Health care systems across Canada need to be 'fundamentally different,' King says
P.E.I. premier met with Maritime, Ontario counterparts to discuss staff shortages
After a summer of emergency room closures and long waits for care on Prince Edward Island, Premier Dennis King says provincial governments need to work together to solve health-care staffing shortages.
The P.E.I. premier met with his counterparts from Ontario, Nova Scotia and New Brunswick in Moncton on Monday to discuss the state of health care in the country — and issues related to staffing shortages including shorter hours at hospital emergency rooms, surgery backlogs and desperate attempts to attract and retain physicians.
At the end of the day, the premiers agreed health care is at a crisis point in Canada, and said urgent action in collaboration with the federal government is needed.
They also discussed trying to speed up the accreditation process for doctors from other countries so that they can start practising in Canada sooner. But there wasn't much concrete detail on what other solutions might be tried.
Speaking to reporters after the premiers met, King said the way to move forward is to consult medical professionals to find out what needs to change.
"P.E.I. is not unique in the entire federation," he said.
"I think we've been realizing for the past year and half, essentially, that we're not able to sustain the delivery system that we have in the province.
"That's why we're bringing together all the professionals to say essentially: 'This is the roster of people we have. How can we best utilize those people in the system?'"
Provinces need to innovate, King says
King said new approaches such as the team-based care model his government has been developing are the way forward, and not traditional approaches based on every patient seeing a family doctor for every medical issue.
"We can't keep doing — and trying to pretend we can do — things that we can't do," he said.
"We have to be open to changes, and like my colleagues here, I'm open to any good suggestion that can come forward from the health professionals who work within the system…
"The delivery of health care on P.E.I. and across the country is going to be fundamentally different than it used to be, [and] I think it needs to be."
Meeting a 'positive first step': Gardam
Dr. Michael Gardam, the CEO of Health P.E.I., said he was "encouraged" by what came out of the meeting.
"I think the pandemic has really highlighted that the Canadian health care system is in real trouble," he told CBC News Network. "The fact that our politicians are talking about that now, I see that as a very positive first step."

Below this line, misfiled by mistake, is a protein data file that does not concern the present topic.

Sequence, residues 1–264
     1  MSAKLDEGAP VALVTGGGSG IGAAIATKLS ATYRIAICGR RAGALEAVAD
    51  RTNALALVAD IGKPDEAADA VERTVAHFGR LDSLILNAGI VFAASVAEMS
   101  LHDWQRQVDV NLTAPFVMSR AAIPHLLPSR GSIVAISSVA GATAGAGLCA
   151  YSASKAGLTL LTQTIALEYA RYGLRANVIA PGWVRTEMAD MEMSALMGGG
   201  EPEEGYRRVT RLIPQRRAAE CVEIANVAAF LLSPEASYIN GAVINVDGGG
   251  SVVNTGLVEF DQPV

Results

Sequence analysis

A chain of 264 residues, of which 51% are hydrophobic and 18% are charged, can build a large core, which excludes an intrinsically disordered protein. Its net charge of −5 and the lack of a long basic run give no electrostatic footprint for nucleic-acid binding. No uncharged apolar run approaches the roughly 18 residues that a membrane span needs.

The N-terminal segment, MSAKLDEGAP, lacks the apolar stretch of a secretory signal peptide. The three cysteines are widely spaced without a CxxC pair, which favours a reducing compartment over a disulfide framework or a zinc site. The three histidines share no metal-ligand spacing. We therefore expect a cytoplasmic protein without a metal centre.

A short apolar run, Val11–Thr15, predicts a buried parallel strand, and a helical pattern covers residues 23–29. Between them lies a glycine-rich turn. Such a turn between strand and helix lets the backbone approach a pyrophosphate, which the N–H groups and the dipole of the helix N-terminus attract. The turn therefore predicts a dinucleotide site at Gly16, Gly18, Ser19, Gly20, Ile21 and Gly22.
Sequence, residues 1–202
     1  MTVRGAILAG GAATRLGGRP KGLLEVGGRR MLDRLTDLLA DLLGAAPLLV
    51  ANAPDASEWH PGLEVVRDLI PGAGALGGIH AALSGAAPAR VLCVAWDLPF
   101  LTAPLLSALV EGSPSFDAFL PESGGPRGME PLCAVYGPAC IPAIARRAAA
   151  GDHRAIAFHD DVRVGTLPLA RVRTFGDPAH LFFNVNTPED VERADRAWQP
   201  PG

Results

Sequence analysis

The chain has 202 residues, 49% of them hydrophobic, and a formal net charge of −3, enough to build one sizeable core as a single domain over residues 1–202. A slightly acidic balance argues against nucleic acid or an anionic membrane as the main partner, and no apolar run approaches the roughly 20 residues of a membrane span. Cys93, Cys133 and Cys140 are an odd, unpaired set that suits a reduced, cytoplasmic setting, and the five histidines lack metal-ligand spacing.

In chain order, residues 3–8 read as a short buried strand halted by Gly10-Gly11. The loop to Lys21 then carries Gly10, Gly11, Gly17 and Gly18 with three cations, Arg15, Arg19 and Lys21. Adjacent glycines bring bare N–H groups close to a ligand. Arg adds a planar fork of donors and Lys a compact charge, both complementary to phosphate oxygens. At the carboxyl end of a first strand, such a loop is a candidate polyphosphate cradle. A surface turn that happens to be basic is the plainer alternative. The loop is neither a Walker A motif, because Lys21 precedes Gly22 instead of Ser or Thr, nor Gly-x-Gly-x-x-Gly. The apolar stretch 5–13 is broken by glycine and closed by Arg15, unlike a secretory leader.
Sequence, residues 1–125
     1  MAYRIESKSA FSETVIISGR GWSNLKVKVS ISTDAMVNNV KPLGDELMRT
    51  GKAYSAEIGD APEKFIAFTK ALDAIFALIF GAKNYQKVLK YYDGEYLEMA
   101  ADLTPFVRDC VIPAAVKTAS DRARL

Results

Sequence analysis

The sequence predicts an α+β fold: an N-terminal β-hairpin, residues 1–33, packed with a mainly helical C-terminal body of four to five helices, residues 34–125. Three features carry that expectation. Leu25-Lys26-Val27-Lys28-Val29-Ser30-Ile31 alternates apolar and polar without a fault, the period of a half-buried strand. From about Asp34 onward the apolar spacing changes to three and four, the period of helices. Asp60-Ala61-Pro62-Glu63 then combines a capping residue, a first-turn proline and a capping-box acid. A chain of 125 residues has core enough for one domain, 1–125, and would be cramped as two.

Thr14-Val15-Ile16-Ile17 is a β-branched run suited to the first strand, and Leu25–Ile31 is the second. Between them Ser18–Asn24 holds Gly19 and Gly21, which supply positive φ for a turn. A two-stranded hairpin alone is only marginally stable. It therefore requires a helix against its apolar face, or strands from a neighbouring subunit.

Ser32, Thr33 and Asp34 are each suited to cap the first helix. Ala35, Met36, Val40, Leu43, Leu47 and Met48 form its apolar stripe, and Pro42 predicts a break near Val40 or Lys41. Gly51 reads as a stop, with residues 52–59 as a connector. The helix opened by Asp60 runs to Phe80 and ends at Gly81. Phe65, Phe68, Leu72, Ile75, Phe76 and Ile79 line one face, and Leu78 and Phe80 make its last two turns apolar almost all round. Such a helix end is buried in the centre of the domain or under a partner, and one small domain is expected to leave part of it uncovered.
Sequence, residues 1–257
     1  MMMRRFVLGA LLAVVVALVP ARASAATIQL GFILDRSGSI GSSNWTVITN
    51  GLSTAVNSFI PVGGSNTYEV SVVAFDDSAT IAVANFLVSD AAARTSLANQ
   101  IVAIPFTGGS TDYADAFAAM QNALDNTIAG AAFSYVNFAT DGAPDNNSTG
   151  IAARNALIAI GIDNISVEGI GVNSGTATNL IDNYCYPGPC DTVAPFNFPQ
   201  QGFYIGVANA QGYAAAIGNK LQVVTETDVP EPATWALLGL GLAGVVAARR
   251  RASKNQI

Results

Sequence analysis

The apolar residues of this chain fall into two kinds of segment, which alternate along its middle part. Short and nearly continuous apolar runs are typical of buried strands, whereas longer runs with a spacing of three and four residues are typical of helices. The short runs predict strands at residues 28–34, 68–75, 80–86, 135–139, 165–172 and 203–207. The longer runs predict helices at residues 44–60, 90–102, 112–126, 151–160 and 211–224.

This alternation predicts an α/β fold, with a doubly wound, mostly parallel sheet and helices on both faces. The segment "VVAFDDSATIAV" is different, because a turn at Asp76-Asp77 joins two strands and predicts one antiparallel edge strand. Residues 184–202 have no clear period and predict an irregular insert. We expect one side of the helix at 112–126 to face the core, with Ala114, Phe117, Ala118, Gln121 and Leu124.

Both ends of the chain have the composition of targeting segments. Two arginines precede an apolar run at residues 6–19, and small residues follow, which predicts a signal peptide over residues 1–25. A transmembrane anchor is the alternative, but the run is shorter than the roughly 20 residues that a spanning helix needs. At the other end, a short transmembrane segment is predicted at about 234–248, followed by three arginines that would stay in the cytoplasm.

Gardam said P.E.I. benefits from other provinces' health care systems being in better shape, because the Island depends on them for specialized care not available due to the province's low population. That includes specialties like advanced cardiac care and neurosurgery, for which Island patients must be sent to the mainland.
He said increasing compensation to certain classes of medical staff is not enough to solve the problem.
If we don't fix the issues within our system, all we're going to do is have slightly better-paid but still burned-out health care workers.- Dr. Michael Gardam
"We need to pay [front-line workers] for the work that they're doing for us. At the same time, though ... what people really want is to feel, you know, seen, heard, respected in the workplace," Gardam said.
"I worry about throwing money at health care workers. We can't stop there because if we don't fix the issues within our system, all we're going to do is have slightly better-paid but still burned-out health care workers. It's a really short-term solution.
"We need to do both."
Wary of privatization
Doug Ford's Progressive Conservative government in Ontario recently unveiled a strategy aiming to ease pressure on that province's health care system, partly by funding more surgeries at private clinics.
At the summit, there were questions on whether Maritime provinces could consider making similar changes.
- Ontario to fund more private clinic surgeries, send patients to temporary LTCs to ease health-care pressures
Gardam said he's wary of considering privatization before thinking about all other possible solutions.
"We need to think carefully, whether we're going to get the biggest bang for our buck or whether we're simply going to starve the public system in order to get better access for people in another setting," he said.
With files from Brittany Spencer